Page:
The truth is that the parts of our brains that feel, and the parts of our brains that create logic are completely different.  When our brains create sadness, there is no logic to it because no logic exists in that part of the brain.  The sadness comes up of its own accord. The same goes for anxiety, gratitude, love, anger–the entire range of human emotion.

When my patients try to logic all over their feelings, I try to gently redirect them back to the feelings themselves.  The truth is that logically explaining the feelings doesn’t actually help very often.  Sometimes, the explanations only deepen the sadness or the fear or the anger.  Emotions are like little children that are asking for attention.  The more that we ignore them, or talk to them in ways that they don’t understand through logic, the more they clamor for our attention.  It is only by embracing them and telling them that it is going to be OK–that they are safe–that they are comforted and quiet down.

In the same way, rather than pushing feelings aside, I encourage you to sit down, acknowledge them by name and tell them that they are safe.  Saying, “Hello fear, I see you.  You’re safe and I’m going to be with you for as long as you need me,” is truly the only way to get emotions back on track.  Pushing feelings away or stuffing them down doesn’t make them leave, it only makes them find another way out into the open, often through physical illness or unjustified cruelty towards those we love.

That night in Teotihuacan, when I approached the twinkling pathway of fire, I opened my heart to it.  I said to the fire, “I’m here with you, and I’ll wait until you tell me you’re ready.”  Instead of going in because my logical mind told me that other people were doing it, so it must be safe, I waited to be invited.  Those of you still in logical mind are probably thinking that fire can’t invite, but you’re wrong.

My friend, Jamie, approached me as I stood beside the fire, waiting for my invitation, and asked me if I wanted her to go through with me.  I was just starting to feel the call of the fire, but it was faint and I still wasn’t sure, so I told her to wait a moment.  Then, maybe five minutes later, I felt it–an overwhelming need to go into the fire.  I ran over to Jamie and said, “Now!”  She didn’t even flinch.  She grabbed my hand and we walked into the fire together.  I screamed all the way across the coals, but instead of the blistering horror of the fire in Sedona, the fire in Teotihuacan felt cool and welcoming.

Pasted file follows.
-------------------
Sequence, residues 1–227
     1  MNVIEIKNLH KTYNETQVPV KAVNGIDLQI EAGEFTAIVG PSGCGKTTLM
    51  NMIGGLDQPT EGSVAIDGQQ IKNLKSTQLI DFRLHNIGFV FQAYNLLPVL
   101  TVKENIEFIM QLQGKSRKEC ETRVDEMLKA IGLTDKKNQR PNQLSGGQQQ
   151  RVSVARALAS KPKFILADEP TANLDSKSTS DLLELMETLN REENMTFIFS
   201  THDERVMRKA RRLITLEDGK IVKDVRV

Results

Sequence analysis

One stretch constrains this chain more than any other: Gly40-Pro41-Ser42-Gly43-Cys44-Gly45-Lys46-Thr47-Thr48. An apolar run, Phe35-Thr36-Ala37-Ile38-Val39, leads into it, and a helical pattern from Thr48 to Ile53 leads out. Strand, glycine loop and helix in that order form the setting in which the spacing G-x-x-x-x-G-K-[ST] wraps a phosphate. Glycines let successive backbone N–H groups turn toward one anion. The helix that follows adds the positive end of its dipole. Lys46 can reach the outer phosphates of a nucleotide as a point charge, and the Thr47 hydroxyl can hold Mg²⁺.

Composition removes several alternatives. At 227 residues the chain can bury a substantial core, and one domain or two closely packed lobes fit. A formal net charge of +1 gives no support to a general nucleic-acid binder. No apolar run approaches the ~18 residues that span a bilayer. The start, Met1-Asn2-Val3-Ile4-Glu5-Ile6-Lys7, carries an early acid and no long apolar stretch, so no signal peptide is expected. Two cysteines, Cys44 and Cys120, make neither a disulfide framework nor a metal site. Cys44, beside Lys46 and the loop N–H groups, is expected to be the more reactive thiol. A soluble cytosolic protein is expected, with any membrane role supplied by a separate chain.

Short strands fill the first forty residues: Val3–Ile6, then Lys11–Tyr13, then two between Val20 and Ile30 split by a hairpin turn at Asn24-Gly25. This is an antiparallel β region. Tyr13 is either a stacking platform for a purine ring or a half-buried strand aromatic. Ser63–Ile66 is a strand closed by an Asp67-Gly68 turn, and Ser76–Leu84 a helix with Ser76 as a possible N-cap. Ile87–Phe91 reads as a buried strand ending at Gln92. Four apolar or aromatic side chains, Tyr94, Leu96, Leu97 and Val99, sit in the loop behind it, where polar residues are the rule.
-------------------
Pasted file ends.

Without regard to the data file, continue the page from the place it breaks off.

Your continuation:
It was incredible.  I was completely unscathed, and I was so elated that I went back through the fiery pathway five or six more times.  Afterward, my feet were dirty, but I didn’t have even one blister.

I encourage you to approach yourself as I did the fire–with openness and kindness.  Give your emotions the attention that they deserve and I promise you that they will invite you in, and you will walk through the fire unscathed.

 

 

Let Us Put Light Around it: A Way to Cope with Pain

It’s only dusk and I can already hear fireworks going off in the distance for Independence Day–the day in which citizens of the United States celebrate winning the war against England for the right to govern themselves.  It is seen by many as a day to celebrate the independent spirit, the rights of the individual, and freedom of religion and thought.  And yet, many do not have the freedom that the United States claims to value.

This lack shows up in many ways; some large and some small.  This past week I was reminded that I don’t have the freedom to make my own decisions about how I handle my work because I am an employee of a large corporation.  The reminder left me shaken,  and with an anxiety in my chest that took my breath away.  Whenever an emotion creates an overwhelming sensation in my body, I remember a line from a book in Margaret Atwood’s Madd Addam series.

If you’ve never heard of Margaret Atwood, you probably have heard of one of her most famous books, The Handmaid’s Tale, which has become a hit series on Hulu as well as a symbol of the importance of combating misogyny.  The Madd Addam series tackles a different social problem–the human destruction of the earth.  Some of the characters end up becoming members of a fictional group known as God’s Farmers, who form an earth friendly and sustainable commune.  Whenever things go wrong in the story, the leader of the God’s Farmers says “Let us put light around it.”

Let us put light around it.

Those words stuck with me long after reading Madd Addam, and I started using them in my own life.  As I struggled with anxious chest pains last week, I closed my eyes and imagined the pain surrounded by a healing, white light.  Slowly, the pain began to shrink, and eventually nothing was left of it except for a ball of white light in my chest.